Computer numeric controlled machinists (CNC machinists) are skilled technicians who operate industrial equipment in factories and on farms. Demand for CNC machinists is expected to grow faster than average over the next decade, as factories increasingly adopt complex automated manufacturing equipment. A high school diploma and apprentice experience is typically required for entry to the field. The most competitive candidates complete two-year associate’s programs with coursework in blueprint reading, basic mathematics and technical drafting.
A CNC machinist operates computer numerically controlled (CNC) machines to produce parts for tools, instruments, and equipment. If you're good with your hands and can use a large machine, a CNC machinist position may be the right career choice for you. Glassdoor has a list of job openings across a variety of industries and in companies both big and small.
If you are just starting out, you may want to look for entry-level and junior CNC machinist jobs. More advanced machinists can search for supervisor and senior CNC machinist roles. If you want to specialize in the use of specific types of machines, then try adding terms like lathe and mill. Finally, you may be interested in certain roles within factory production, such as setting up, programming, operating, and maintaining the machines.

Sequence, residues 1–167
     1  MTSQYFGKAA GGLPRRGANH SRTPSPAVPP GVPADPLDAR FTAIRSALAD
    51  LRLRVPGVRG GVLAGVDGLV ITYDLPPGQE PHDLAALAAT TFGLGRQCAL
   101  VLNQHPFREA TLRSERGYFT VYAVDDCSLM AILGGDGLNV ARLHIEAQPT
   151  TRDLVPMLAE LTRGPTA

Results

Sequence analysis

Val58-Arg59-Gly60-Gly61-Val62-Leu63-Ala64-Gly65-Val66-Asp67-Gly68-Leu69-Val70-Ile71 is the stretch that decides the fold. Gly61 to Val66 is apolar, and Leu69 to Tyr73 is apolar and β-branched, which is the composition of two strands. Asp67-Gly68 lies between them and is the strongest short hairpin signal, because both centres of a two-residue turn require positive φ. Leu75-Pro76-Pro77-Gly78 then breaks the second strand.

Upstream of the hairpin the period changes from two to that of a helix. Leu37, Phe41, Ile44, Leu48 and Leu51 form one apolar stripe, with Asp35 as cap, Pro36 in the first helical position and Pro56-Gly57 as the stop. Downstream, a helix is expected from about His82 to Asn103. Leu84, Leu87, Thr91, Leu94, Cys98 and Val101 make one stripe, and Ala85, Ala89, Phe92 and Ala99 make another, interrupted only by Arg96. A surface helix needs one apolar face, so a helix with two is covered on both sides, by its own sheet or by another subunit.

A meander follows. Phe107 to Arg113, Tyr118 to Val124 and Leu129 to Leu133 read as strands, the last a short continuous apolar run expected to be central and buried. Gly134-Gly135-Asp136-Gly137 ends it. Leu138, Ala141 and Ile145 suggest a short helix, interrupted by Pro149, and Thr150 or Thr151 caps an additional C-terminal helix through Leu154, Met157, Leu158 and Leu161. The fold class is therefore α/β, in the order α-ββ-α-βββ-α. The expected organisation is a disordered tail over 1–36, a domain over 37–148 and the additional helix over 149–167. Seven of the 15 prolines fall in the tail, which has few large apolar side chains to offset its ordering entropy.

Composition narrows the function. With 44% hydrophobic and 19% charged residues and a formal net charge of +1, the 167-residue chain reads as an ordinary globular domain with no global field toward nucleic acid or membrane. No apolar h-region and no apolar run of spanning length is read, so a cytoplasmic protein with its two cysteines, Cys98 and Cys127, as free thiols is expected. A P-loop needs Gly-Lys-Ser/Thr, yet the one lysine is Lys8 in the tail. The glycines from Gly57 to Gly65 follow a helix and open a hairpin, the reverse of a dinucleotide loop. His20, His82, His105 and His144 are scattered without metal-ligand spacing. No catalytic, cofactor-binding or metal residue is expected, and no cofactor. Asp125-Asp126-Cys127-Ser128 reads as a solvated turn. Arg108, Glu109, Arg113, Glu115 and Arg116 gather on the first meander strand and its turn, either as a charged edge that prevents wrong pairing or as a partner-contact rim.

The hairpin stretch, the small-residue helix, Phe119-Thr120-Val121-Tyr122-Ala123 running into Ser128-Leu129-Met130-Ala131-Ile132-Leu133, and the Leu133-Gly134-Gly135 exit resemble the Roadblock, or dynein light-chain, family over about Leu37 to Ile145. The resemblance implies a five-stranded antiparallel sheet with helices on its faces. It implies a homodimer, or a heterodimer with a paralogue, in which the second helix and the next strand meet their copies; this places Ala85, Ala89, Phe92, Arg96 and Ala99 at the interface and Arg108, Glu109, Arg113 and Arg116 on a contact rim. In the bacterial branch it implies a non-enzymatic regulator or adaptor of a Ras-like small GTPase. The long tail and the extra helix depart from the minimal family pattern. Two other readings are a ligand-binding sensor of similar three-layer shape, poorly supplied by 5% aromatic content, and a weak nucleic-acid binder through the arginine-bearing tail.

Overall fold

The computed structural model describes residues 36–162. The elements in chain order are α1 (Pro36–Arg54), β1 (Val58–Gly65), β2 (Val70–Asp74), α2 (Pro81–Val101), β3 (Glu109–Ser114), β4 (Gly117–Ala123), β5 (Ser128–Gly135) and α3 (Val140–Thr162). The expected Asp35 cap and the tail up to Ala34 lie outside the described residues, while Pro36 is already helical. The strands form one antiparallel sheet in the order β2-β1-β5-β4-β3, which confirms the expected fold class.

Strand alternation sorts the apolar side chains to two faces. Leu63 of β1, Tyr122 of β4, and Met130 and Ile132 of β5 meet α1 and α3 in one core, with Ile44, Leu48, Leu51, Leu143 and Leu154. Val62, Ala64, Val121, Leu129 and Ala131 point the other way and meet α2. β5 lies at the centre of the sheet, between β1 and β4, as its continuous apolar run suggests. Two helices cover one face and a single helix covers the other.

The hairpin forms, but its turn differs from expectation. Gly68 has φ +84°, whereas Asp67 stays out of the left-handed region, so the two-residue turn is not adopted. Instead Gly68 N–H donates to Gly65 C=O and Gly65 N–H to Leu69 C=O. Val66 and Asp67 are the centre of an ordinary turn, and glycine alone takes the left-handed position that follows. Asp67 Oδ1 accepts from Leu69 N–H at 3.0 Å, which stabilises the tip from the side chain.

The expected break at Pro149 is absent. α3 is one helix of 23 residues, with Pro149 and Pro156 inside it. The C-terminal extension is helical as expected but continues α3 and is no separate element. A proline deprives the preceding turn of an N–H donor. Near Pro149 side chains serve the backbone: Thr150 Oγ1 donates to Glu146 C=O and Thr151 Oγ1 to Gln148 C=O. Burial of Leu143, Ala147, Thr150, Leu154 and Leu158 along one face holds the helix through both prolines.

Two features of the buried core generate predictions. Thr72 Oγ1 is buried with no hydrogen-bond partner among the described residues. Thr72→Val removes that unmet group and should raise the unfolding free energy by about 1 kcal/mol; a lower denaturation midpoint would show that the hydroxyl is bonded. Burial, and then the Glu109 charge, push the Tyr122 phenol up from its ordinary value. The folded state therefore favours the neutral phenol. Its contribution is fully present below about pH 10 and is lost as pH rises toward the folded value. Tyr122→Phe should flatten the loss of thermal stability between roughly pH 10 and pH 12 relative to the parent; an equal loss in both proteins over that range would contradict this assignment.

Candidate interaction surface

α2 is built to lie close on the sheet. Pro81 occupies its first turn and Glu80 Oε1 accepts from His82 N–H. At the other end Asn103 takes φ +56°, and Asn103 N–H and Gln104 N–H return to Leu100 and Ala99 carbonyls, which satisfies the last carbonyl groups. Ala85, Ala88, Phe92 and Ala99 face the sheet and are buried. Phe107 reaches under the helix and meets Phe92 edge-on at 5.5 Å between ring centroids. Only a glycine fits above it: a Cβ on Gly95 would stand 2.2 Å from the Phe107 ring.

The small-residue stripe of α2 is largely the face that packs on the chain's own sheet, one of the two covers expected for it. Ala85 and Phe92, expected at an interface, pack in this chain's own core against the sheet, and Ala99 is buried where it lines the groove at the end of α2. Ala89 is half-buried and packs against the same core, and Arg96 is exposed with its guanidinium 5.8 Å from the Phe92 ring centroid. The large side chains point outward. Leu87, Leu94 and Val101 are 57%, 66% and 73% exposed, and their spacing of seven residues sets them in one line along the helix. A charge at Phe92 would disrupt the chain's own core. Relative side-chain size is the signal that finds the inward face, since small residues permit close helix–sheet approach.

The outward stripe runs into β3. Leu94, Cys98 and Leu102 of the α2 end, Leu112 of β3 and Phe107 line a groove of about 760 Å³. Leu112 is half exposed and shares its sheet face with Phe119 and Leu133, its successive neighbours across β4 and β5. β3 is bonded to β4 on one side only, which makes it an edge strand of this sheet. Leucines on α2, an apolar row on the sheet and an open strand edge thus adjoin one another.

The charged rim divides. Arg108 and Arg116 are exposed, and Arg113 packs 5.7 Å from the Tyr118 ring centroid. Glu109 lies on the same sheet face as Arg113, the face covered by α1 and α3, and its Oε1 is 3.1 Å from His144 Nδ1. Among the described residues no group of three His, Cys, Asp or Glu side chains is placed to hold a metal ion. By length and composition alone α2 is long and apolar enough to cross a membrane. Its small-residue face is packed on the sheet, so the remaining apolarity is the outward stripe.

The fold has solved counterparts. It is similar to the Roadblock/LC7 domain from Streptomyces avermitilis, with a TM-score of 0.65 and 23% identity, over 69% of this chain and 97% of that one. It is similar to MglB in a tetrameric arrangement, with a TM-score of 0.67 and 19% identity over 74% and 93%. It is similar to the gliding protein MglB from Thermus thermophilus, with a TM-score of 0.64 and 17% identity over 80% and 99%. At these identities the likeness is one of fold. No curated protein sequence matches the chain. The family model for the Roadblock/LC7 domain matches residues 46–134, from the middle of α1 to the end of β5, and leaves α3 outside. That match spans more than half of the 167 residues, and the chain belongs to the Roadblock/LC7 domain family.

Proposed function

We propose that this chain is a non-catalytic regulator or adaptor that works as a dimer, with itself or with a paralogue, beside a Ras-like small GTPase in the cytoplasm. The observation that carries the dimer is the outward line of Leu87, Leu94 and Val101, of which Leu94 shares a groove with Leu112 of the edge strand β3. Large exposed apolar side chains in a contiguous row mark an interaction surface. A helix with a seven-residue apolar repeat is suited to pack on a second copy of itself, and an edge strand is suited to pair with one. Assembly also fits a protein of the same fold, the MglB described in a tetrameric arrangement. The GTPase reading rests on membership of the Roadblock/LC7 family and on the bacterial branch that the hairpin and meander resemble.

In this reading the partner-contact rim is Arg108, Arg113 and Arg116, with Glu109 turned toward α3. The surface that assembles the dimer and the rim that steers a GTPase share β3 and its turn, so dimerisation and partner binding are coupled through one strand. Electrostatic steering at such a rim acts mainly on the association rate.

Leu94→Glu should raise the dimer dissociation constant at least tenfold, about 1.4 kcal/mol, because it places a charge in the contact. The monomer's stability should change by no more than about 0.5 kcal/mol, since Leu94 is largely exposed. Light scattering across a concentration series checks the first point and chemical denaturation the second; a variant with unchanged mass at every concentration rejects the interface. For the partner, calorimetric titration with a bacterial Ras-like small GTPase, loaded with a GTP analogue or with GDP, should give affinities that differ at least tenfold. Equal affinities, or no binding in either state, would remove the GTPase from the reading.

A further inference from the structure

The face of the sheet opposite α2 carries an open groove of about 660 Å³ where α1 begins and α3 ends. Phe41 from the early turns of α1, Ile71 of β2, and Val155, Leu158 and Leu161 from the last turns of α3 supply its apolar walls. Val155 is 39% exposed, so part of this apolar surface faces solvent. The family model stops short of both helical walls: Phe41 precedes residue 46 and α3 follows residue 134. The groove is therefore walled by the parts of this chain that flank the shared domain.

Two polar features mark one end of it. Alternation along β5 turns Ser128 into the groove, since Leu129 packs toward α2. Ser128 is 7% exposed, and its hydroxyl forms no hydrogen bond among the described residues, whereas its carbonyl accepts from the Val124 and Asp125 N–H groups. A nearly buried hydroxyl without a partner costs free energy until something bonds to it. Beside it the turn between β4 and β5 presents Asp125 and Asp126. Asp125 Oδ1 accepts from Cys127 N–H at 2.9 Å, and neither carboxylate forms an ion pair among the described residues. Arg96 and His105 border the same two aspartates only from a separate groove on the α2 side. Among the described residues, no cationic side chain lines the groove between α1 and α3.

Once you have narrowed your search down and applied for a few positions, be sure to get yourself prepared for the CNC machinist job interview questions.
Skilled CNC machinists are in high demand, especially in certain areas of the country with a strong manufacturing sector. To land a high-paying CNC machinist job, keep in mind the following tips:
CNC machinist positions are known for paying well, even for folks lacking a lot of education and experience. In addition to good pay, CNC machinists can expect job perks such as: